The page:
New Concussion Protocols Announced by the CJHL
October 23, 2018, Kitchener, Ontario
Posted by: Robert Deutschmann, Personal Injury Lawyer
Hockey. The Canadian passion. We start our boys and girls playing young and some move on to play Junior and beyond. These kids though, face years of sub concussive impacts, concussions, and other challenges physically and emotionally. Many that move on to the Junior level live in billet arrangements with families who support them, and they lack the stability and consistency of living at home. For these young people subtle changes in mental health can be hard to spot.
In recognition of the problems that being a high-level athlete poses, the Canadian Junior Hockey League (CJHL). We are all becoming aware of the serious dangers concussion (TBI) pose to our immediate and long-term wellbeing.
A new program within the CJHL has established a mandatory concussion protocol across the league. It’s the first national concussion program in the Junior A league safeguarding the physical and mental health of the players. The CJHL has 133 teams with over 3000 players and this represents a big step forward in the protection of the players.
In a press release about the new policy CJHL president Brent Ladds said “The long-term effects of concussion are a growing concern for our organization, our athletes and their families. This is a major milestone for improving concussion management standards in junior hockey.”. The move likely will result in the protocol trickling ‘downstream’ to the feeder leagues to unify player protection policies.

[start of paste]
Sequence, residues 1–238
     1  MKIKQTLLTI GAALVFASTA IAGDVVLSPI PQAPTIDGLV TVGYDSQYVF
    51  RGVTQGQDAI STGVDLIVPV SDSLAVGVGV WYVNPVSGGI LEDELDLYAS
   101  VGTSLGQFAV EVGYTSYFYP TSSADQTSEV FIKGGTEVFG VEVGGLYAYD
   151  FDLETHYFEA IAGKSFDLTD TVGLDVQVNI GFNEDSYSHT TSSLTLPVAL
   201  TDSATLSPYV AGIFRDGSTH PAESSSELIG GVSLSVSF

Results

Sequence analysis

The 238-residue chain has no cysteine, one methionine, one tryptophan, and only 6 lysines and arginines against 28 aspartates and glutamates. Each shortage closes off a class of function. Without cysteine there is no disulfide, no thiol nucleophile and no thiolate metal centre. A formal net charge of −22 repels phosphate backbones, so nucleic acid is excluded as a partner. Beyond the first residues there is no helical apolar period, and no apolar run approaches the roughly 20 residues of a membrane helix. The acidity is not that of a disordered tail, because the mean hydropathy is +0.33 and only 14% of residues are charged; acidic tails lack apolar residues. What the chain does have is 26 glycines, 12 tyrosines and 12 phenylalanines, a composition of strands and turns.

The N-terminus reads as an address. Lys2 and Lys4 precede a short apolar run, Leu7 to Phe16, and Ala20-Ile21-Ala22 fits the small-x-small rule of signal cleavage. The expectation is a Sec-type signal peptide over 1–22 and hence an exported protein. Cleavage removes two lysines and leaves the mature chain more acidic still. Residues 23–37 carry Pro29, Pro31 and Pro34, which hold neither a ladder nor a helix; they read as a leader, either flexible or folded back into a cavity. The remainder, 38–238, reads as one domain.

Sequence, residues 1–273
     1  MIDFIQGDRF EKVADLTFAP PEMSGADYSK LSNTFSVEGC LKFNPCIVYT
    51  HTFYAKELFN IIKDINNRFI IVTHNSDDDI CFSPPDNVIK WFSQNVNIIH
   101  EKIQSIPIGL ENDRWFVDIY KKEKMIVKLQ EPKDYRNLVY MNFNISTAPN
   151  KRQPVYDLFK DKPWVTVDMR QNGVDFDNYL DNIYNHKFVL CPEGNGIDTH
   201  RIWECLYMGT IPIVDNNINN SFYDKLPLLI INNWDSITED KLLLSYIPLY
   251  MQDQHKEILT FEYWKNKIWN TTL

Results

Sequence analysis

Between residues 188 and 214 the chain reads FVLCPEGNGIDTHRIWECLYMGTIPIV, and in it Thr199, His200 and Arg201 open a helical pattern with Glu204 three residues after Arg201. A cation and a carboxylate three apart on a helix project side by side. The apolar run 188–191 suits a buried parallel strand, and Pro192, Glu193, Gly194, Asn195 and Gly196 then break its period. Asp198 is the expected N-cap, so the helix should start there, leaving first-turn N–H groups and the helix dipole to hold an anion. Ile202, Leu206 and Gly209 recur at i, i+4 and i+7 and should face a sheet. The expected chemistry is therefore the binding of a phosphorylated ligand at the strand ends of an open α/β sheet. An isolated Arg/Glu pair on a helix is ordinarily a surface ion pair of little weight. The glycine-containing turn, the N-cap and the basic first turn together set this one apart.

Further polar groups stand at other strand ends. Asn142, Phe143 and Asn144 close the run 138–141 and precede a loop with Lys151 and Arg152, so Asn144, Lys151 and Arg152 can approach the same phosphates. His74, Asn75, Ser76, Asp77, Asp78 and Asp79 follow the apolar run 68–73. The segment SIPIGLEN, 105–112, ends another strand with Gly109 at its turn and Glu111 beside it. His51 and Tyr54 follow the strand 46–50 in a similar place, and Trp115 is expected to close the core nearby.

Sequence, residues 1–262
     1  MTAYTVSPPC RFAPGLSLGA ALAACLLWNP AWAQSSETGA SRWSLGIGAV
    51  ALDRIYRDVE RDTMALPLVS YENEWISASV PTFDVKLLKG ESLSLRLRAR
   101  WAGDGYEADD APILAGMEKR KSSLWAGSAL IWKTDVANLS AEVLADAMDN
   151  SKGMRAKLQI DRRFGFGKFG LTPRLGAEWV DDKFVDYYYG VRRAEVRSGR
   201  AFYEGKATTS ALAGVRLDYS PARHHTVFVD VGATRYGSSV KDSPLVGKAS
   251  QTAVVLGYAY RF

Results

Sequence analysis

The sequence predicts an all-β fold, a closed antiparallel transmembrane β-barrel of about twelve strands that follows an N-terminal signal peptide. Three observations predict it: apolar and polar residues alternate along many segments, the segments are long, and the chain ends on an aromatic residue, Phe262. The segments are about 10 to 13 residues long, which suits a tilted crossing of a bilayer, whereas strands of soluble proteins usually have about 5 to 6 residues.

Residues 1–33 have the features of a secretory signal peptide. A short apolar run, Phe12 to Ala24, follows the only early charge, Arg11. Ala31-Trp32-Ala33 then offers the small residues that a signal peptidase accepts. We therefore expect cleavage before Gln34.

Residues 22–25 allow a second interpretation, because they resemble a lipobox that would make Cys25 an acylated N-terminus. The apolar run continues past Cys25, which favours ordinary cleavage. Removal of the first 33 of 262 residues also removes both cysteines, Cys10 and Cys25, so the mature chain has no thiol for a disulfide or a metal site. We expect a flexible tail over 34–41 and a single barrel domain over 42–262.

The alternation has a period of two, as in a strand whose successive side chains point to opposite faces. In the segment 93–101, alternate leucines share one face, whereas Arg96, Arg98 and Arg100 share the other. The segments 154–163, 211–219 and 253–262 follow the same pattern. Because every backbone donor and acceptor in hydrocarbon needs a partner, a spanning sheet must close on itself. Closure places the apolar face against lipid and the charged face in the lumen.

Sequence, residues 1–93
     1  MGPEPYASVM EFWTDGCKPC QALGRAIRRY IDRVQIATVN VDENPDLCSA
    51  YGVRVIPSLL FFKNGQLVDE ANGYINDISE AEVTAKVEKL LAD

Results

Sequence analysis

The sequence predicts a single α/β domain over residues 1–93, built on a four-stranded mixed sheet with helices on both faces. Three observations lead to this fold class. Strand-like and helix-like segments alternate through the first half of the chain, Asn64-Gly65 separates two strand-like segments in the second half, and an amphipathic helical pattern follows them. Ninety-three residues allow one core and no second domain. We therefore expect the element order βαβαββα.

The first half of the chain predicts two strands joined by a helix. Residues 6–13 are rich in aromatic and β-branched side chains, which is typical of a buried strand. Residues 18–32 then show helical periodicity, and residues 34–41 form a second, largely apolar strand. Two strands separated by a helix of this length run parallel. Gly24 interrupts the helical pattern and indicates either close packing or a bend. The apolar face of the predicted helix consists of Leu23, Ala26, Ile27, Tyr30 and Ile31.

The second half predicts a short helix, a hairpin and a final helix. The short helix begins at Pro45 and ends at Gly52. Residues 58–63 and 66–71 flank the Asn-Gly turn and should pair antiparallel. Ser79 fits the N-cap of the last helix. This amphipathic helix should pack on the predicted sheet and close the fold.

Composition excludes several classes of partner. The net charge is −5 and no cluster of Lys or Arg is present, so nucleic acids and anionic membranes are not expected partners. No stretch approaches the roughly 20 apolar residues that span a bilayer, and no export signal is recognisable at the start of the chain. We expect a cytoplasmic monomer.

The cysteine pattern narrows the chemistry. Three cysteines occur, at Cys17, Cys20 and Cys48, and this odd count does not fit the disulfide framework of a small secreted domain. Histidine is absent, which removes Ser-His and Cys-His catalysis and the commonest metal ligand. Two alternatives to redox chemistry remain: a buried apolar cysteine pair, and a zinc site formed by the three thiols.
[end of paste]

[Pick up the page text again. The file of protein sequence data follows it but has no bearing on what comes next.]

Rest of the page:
The new concussion program is funded by the Co-operators. It will establish clear protocols and guidelines for the recognition, assessment, treatment and management of concussions.
The protocol uses HeadCheck and will:
- Allow team trainers to perform concussion protocols
- The league will monitor compliance
- Mobile apps will be used to run assessments and document suspected concussions
- Players concussion histories can be digitally tracked
- Player health files can be digitally transferred to allow for more informed healthcare decisions by the team, league or physicians
- Management of the data collected should allow the league to make improvements in payer safety
Many junior hockey players face shortened careers due to brain injuries, and many pro players have gone on to suffer cognitive decline and mental health crises due to the long term impacts of brain damage.
You can read more about the CJHL protocols here.
|Posted under Accident Benefit News, Brain Injury, Concussion Syndrome
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